TV Guide Magazine, LLC

Movies, TV & Music
TV Guide Magazine

TV Guide Magazine February 17, 2020

TV Guide Magazine tells you what’s worth watching. With its unparalleled access and authority, it's the only publication devoted exclusively to television. It includes celebrity interviews, in-depth previews, sneak peeks and authoritative reviews from critic Matt Roush.

United States
TV Guide Magazine, LLC
Read More
26 Issues

in this issue

2 min.
ask matt

@TVGMMattRoush What do you make of WarnerMedia’s decision to stop producing scripted originals for Cinemax? Will that also mean the end of Warrior, a great show based on the writings of Bruce Lee? The second season is already in the can, but the question remains when it will air and whether there is any kind of future for it, since HBO Max has rejected the idea of taking over any of the Cinemax brand. It would be sad for a fun, pulpy piece of historical fiction to come to a premature end due to corporate reshuffling. —Sascha MATT ROUSH: Given the company’s deep-pocketed push to launch HBO Max this spring, I’m not surprised that they’ve dropped Cinemax originals. (Still, given how vast the HBO Max well of programming is, I don’t know…

1 min.
plus your feedback

NO-BRAINER NBC is missing the ultimate crossover episode with The Blacklist and New Amsterdam: The Blacklist’s Elizabeth gets injured, is taken to New Amsterdam’s hospital and wakes to find Dr. Goodwin, her husband Tom [both played by Ryan Eggold], treating her! C’mon! —Ron BAUER FOREVER! As far as I’m concerned, a revival of 24 [“TV’s Coming Attractions,” February 3] without Kiefer Sutherland and Mary Lynn Rajskub is a waste of money and time. —John NOT-SO-SMART MOVE Jeers to Outmatched. The likelihood of one family bearing three genius kids is beyond ludicrous. This [Fox] show is no Young Sheldon, if that is what the writers were hoping for. —Sharon Email us: COMING NEXT ISSUE SPRING PREVIEW See where the Winchester bros (Jared Padalecki and Jensen Ackles, above) are headed in the Supernatural finale, and get intel on Pauley Perrette’s…

2 min.
kobe bryant

In a stellar 20-season career, all with the Los Angeles Lakers, NBA legend Kobe Bryant had a reputation for rising to the occasion with the same ease and determination he would use to deliver a towering slam dunk on the court. His time in basketball was like one long highlights reel and included five NBA titles, two Olympic gold medals and 18 NBA All-Star games. The highlights will now, sadly, have to tell the full tale of his brilliance in the wake of the January 26 California helicopter crash that claimed nine, including both Bryant, 41, and his daughter Gianna, 13. For any basketball fan, those game clips that aired the week after his passing—along with a stream of tributes and the recollections of current and former NBA pros—showed television at its…

1 min.
kobe at his best

KOBE BRYANT’S LEGACY includes more than hardwood skills. Here are five things to watch on YouTube and TV to celebrate his contributions on and off the court. • His April 13, 2016, final game Bryant scored 60 points—15 of the team’s final 17—to secure a swan-song win for the ages. • Kobe Doin’ Work Spike Lee’s immersive documentary aimed 30 cameras at No. 24 during a 2008 game to capture his passion. • My Wish: Kobe Bryant Plays HORSE With Salvador A prime example of the athlete’s philanthropy: his Make-A-Wish day with a young b-ball-crazy leukemia survivor. • Dear Basketball This Oscar-winning 2017 animated short (above, left) is based on Bryant’s letter signaling his NBA retirement. • Celtics vs. Lakers (Sunday, Feb. 23, 3:30/2:30c, ABC) Lakers star LeBron James (right) has dedicated the season to…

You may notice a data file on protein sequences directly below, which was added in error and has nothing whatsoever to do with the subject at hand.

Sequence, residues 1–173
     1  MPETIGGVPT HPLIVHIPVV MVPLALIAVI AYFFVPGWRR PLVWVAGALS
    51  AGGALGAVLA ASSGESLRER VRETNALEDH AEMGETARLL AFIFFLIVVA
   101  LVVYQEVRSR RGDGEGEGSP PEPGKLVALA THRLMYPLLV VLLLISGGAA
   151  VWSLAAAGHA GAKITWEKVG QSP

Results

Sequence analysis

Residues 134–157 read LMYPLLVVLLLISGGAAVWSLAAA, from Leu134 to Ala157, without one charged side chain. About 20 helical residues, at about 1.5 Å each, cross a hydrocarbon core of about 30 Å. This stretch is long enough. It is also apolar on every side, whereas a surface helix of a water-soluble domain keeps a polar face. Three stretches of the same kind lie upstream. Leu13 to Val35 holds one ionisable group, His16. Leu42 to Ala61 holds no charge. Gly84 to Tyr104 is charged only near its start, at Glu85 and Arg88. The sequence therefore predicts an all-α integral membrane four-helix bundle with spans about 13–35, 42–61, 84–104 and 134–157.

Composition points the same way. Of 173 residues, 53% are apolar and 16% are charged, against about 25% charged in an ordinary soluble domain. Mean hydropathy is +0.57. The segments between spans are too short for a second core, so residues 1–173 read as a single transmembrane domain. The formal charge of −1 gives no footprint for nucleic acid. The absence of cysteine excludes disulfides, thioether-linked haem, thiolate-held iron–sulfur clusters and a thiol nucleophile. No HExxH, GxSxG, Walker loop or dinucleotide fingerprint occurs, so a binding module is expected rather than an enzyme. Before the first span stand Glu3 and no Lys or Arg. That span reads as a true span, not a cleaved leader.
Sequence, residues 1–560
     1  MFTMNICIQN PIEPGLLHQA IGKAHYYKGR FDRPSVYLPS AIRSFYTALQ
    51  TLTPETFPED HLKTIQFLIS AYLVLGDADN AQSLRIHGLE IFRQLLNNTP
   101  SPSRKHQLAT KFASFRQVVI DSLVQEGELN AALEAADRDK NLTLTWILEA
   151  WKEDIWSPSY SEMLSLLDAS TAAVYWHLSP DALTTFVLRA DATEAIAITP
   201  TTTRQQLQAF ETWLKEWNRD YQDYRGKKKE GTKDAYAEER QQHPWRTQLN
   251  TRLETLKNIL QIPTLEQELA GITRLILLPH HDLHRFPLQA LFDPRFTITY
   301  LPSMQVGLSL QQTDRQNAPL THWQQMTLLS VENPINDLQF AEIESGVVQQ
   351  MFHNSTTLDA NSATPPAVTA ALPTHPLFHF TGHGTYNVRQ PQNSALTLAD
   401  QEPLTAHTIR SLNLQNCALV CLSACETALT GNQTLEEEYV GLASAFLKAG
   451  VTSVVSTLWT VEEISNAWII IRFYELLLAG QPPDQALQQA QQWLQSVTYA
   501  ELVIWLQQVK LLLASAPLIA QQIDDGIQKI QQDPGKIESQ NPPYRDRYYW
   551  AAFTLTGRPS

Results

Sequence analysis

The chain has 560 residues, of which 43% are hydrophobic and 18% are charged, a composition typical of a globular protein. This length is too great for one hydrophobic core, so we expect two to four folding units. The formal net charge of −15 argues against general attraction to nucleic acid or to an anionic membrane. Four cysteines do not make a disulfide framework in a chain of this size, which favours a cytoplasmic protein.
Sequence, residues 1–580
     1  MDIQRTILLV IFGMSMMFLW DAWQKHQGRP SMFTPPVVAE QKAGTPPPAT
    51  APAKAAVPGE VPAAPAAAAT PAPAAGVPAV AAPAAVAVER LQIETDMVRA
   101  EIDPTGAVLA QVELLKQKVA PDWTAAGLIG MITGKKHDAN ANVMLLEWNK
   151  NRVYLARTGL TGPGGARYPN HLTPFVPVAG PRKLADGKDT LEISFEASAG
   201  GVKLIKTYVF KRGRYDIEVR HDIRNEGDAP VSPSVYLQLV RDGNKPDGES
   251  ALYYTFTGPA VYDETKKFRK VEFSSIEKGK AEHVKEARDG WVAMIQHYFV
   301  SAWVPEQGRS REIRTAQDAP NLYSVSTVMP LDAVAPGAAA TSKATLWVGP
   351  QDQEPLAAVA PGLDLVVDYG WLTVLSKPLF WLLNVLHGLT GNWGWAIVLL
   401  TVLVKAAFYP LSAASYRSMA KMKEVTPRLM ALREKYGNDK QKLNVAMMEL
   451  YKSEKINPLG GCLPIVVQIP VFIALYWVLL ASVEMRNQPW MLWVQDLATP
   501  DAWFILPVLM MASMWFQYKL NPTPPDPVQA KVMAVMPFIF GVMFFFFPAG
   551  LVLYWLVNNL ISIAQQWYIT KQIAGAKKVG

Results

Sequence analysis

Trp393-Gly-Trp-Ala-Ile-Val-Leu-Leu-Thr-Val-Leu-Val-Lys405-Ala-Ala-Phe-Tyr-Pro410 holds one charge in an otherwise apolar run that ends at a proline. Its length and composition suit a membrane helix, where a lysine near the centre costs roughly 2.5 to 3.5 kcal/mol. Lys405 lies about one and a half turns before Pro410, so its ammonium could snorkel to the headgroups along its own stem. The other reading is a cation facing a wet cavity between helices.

2 min.
a milestone for history

They cannot tell a lie: Executives at History are excited to mark their 25th anniversary on television with the Presidents’ Day weekend premiere of Washington (Sunday, February 16, 8/7c). Airing on three consecutive nights, the docudrama helps the network celebrate a quarter century of what executive vice president Eli Lehrer calls historical storytelling. “Our mission statement,” he adds, “is embedded in our name.” That name has evolved to encompass multiple programming themes since the History Channel—as it was first known—launched on January 1, 1995. After an early focus on documentaries that leaned hard into WWII, History now airs a popular mix of unscripted series (Pawn Stars and American Pickers among them), fact-based fare and acclaimed scripted hits (from the miniseries The Bible to Vikings). It’s a combination that, Lehrer says, “bridges the…

1 min.
fred silverman 1937–2020

HE MAY NOT have been a household name or face, but legendary programmer Fred Silverman, who passed away January 30 at age 82, was the only executive ever to lead the entertainment divisions of CBS, ABC and NBC. Without him, we might never have seen All in the Family (which he rescued after ABC passed on it). Or Roots. Or Hill Street Blues. “The shows that are the riskiest are the ones that have the potential to be the biggest hits,” he told TV GUIDE MAGAZINE in 1977, after he had left CBS to take ABC to the top of the ratings with series such as Happy Days and Charlie’s Angels. When he failed to reverse struggling NBC’s fortunes, he turned to producing, with more success (Matlock, the Perry Mason movies,…